FDA Gives Full Approval for Tagrisso (osimertinib) for Rare Lung Cancer

James Radke

The FDA has granted full approval of Tagrisso (osimertinib) 80mg once-daily tablets, for the treatment of patients with metastatic epidermal growth factor receptor (EGFR) T790M mutation-positive non-small cell lung cancer (NSCLC), as detected by an FDA-approved test, whose disease has progressed on or after an EGFR tyrosine kinase inhibitor (TKI) therapy. 
Tagrisso (osimertinib) was granted accelerated approval in 2015. The full approval based on data from the randomized, Phase III AURA3 trial.
In the study, 419 patients with T790M-positive advanced NSCLC, who had disease progression after first-line EGFR-TKI therapy, in a 2:1 ratio to receive either oral osimertinib (at a dose of 80 mg once daily) or intravenous pemetrexed (500 mg per square meter of body-surface area) plus either carboplatin (target area under the curve, 5 [AUC5]) or cisplatin (75 mg per square meter) every 3 weeks for up to six cycles; maintenance pemetrexed was allowed. The primary outcome was progressive-free survival (PFS).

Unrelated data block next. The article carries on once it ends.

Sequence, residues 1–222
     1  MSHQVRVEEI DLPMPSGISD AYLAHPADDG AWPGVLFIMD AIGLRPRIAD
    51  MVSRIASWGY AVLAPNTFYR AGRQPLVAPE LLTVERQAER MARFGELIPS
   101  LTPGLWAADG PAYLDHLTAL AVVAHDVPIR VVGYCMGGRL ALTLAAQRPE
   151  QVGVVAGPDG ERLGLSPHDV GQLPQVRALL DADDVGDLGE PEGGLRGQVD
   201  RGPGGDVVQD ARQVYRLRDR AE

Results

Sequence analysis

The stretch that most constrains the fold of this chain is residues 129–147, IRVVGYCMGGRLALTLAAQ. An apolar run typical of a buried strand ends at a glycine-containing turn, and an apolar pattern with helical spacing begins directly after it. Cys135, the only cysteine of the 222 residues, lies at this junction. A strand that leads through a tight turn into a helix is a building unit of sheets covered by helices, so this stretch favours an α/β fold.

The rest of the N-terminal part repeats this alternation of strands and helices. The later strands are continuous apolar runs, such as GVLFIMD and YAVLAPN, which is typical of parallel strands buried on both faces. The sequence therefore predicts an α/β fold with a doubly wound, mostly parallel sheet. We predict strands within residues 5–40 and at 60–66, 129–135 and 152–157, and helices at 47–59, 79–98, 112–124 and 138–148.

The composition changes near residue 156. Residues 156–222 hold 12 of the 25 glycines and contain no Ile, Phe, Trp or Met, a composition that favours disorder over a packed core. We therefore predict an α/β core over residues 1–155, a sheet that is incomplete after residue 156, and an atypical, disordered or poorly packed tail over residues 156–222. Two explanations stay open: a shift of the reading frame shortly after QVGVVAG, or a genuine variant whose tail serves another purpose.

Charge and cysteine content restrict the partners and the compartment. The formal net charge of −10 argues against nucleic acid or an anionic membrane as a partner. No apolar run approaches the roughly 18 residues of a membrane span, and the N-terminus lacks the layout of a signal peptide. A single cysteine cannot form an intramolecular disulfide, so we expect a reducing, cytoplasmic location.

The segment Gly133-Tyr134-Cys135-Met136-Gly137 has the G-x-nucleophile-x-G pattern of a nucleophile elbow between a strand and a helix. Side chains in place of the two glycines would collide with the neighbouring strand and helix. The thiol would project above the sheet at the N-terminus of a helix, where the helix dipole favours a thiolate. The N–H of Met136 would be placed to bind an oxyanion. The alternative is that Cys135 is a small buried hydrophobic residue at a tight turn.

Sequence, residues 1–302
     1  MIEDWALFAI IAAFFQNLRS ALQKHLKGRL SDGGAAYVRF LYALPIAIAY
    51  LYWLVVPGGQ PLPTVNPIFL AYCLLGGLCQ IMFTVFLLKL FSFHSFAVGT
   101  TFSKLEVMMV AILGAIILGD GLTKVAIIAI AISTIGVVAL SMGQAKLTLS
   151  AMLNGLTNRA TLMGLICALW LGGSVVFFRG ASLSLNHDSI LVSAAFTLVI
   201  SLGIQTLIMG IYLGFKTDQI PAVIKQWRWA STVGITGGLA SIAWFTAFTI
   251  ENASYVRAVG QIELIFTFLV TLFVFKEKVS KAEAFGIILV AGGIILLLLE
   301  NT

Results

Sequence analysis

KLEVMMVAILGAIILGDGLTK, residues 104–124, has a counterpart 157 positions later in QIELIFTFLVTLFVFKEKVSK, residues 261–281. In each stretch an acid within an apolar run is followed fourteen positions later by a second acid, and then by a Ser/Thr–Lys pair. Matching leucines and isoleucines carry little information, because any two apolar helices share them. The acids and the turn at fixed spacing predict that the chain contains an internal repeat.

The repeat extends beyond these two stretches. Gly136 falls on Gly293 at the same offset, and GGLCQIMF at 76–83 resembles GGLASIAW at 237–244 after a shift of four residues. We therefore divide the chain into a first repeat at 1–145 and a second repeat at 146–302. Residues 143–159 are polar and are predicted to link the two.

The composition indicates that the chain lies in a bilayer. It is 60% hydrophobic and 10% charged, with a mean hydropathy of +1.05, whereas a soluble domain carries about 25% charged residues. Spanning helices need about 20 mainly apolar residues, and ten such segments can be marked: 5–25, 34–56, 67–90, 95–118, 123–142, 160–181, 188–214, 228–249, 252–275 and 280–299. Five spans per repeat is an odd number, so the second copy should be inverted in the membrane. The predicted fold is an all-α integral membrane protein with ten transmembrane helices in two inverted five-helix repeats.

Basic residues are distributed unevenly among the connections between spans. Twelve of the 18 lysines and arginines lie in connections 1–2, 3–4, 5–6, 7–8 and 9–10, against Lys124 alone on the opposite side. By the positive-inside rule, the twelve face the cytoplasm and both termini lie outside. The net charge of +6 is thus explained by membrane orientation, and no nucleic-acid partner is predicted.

The study found that patients given osimertinib had an improvement in PFS by almost 6 months versus platinum-based doublet chemotherapy (PFS 10.1 months vs 4.4 months, P < .001).
The most common (>20%) adverse reactions observed in osimertinib-treated patients were diarrhea (41%), rash (34%), dry skin (23%), nail toxicity (22%), and fatigue (22%).
The results from this study were published in The New England Journal of Medicine earlier this year.

EGFR T790M-positive advanced NSCLC

Approximately, 10-15% of NSCLC patients have the EGFR mutated form of NSCLC. These patients are particularly sensitive to treatment with currently-available EGFR-tyrosine kinase inhibitors. Approximately two-thirds of patients develop resistance to approved EGFR-TKIs such as gefitinib and erlotinib due to the secondary mutation, T790M.
simertinib is an irreversible EGFR tyrosine kinase inhibitor designed to inhibit both EGFR sensitizing and EGFR T790M resistance mutations and to have activity in the central nervous system (CNS). 
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